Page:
Conference of Latin American Bishops (CELAM)

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Conference of Latin American Bishops (CELAM)

Conference of Latin American Bishops (CELAM) emerged in 1955 as an initial step toward modernizing the structures of Latin American Catholicism. The major function of its various departments has been to promote communication across national lines by means of conferences, training institutes, and publications. The General Conferences of CELAM held at Medellín, Colombia (1968), and Puebla, Mexico (1979), are important milestones in the recent history of the Latin American church.

The Medellín conference, the agenda of which was heavily influenced by a small group of progressive Latin American clergy and by the modernizing tendencies of the Second Vatican Council (1962–1965), began an effort to apply the principles of Vatican II to Latin America. Medellín established the importance of the church's addressing contemporary socioeconomic realities, endorsed new pastoral practices, and marked the emergence of the new, distinctly Latin American "theology of liberation." These changing perspectives had a great impact on the religious and political life of Latin America. First, they reoriented a significant part of the Catholic clergy and hierarchy away from its former preoccupation with the needs of the elite and the preservation of the status quo. Second, they promoted the power and participation of the lay Catholic masses in both religious and political affairs.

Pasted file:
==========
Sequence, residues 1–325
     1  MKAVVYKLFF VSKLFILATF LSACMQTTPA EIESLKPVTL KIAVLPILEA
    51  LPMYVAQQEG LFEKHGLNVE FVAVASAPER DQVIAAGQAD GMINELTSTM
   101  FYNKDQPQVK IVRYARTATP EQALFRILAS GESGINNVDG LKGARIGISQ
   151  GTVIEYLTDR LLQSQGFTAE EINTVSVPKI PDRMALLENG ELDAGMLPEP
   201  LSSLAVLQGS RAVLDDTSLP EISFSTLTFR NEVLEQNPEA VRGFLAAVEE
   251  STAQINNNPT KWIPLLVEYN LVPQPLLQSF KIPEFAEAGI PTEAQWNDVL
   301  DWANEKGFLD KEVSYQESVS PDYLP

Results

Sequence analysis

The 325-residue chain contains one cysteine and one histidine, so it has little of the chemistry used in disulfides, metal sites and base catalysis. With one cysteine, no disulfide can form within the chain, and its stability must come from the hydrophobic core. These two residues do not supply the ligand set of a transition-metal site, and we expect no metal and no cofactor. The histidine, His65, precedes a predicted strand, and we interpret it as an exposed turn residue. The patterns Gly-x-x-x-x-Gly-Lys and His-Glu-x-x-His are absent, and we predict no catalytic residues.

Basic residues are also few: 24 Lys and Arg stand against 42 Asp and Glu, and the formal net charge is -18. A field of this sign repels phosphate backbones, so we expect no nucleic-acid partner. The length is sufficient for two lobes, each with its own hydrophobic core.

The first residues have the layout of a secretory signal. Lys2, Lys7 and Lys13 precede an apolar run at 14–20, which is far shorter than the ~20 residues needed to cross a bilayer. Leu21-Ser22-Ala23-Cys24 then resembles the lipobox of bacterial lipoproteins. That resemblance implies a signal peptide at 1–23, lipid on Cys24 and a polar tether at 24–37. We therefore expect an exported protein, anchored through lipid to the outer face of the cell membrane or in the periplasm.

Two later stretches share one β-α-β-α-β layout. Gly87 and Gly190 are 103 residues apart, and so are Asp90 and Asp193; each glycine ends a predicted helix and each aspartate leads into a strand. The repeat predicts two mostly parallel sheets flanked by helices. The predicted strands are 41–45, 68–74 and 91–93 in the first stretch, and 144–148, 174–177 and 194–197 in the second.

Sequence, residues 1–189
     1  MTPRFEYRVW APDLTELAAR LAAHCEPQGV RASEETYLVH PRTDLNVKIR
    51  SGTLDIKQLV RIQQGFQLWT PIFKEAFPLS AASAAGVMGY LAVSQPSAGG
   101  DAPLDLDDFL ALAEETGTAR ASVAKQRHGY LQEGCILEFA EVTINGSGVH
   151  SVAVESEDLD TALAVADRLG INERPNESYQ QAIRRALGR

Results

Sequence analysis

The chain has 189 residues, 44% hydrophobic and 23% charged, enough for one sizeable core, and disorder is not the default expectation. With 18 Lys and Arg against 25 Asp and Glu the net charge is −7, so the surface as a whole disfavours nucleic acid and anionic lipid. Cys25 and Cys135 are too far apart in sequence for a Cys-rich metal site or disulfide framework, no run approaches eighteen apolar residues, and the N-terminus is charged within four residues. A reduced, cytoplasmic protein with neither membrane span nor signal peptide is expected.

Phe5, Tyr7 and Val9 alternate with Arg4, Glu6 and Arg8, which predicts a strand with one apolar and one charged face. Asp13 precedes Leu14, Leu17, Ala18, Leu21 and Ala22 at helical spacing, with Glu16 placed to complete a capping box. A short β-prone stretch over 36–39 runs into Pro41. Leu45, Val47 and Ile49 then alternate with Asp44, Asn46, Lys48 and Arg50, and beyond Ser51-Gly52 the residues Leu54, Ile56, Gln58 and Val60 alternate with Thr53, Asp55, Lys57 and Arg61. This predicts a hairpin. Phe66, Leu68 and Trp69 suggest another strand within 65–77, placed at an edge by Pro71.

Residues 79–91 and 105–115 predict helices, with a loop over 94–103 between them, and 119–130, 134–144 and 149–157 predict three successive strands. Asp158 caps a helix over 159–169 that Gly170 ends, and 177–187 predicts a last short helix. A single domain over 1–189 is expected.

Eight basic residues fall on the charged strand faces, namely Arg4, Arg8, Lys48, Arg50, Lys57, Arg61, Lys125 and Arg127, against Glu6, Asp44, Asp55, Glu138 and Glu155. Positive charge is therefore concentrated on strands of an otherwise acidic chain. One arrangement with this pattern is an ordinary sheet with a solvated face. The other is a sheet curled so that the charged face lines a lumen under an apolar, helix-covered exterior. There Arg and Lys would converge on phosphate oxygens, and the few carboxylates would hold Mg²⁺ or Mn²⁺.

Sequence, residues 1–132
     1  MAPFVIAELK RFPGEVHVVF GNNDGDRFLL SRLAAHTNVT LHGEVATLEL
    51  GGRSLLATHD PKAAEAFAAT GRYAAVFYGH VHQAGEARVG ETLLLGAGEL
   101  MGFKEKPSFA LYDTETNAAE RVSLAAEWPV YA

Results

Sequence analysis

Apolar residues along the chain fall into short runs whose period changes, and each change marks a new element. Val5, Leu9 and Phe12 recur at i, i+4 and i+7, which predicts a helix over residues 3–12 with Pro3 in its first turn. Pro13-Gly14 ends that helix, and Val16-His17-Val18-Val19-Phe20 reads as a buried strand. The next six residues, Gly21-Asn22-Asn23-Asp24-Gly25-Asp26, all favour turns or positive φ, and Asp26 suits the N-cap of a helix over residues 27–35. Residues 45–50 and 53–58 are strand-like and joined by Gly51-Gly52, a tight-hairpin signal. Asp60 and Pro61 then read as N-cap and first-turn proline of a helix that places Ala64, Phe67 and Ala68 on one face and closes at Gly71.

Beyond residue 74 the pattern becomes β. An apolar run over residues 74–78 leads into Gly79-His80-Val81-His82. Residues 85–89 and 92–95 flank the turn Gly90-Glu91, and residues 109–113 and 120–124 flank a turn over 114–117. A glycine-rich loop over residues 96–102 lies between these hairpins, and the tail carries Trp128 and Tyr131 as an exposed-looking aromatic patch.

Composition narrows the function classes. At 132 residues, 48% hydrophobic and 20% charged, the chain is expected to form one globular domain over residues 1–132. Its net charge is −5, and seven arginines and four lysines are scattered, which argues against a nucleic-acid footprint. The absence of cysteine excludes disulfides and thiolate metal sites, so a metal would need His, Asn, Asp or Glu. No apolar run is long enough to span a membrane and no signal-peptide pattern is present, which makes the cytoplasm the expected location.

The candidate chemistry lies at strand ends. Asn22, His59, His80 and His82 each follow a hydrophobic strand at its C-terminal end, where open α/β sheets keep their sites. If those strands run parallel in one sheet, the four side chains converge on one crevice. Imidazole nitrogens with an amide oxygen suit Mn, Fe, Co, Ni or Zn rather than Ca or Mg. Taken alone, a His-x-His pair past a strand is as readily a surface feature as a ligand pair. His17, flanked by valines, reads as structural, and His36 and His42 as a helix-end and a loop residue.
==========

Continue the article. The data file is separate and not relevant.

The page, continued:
The 1979 Puebla conference reflected the influence of more conservative forces, which had assumed control of CELAM in 1972. While there was some slowing of the process of change associated with Medellín, the bishops nevertheless reaffirmed their earlier positions and stressed their commitment to a "preferential option for the poor."

The fifth General Conference, held in 2007 at the Basilica of Aparecida in São Paulo, Brazil, generally reaffirmed the positions taken at Medellín, Puebla, and Santo Domingo. The bishops emphasized the "preferential option for the poor" and reaffirmed support for Base Christian Communities (CEBs). In addition to addressing the continuing expansion of fundamentalist Protestantism in Latin America, they also focused on new concerns, including human rights violations, migrant issues, and globalization. The clergy also upheld the institution of marriage and condemned abortion.

See alsoCatholic Church: The Modern Period; Liberation Theology.

BIBLIOGRAPHY

No single book is devoted to CELAM. Edward L. Cleary, Crisis and Change: The Church in Latin America Today (1985), and Phillip Berryman, Liberation Theology (1987), both do an excellent job of presenting CELAM and its work.

CELAM. Globalización y nueva evangelización en América Latina y el Caribe: Reflexiones del CELAM, 1999–2003. Bogota: Publicaciones CELAM, 2003.

Hennelly, Alfred T., ed. Santo Domingo and Beyond: Documents and Commentaries from the Fourth General Conference of Latin American Bishops. Maryknoll, NY: Orbis Books, 1993.

                                          Bruce Calder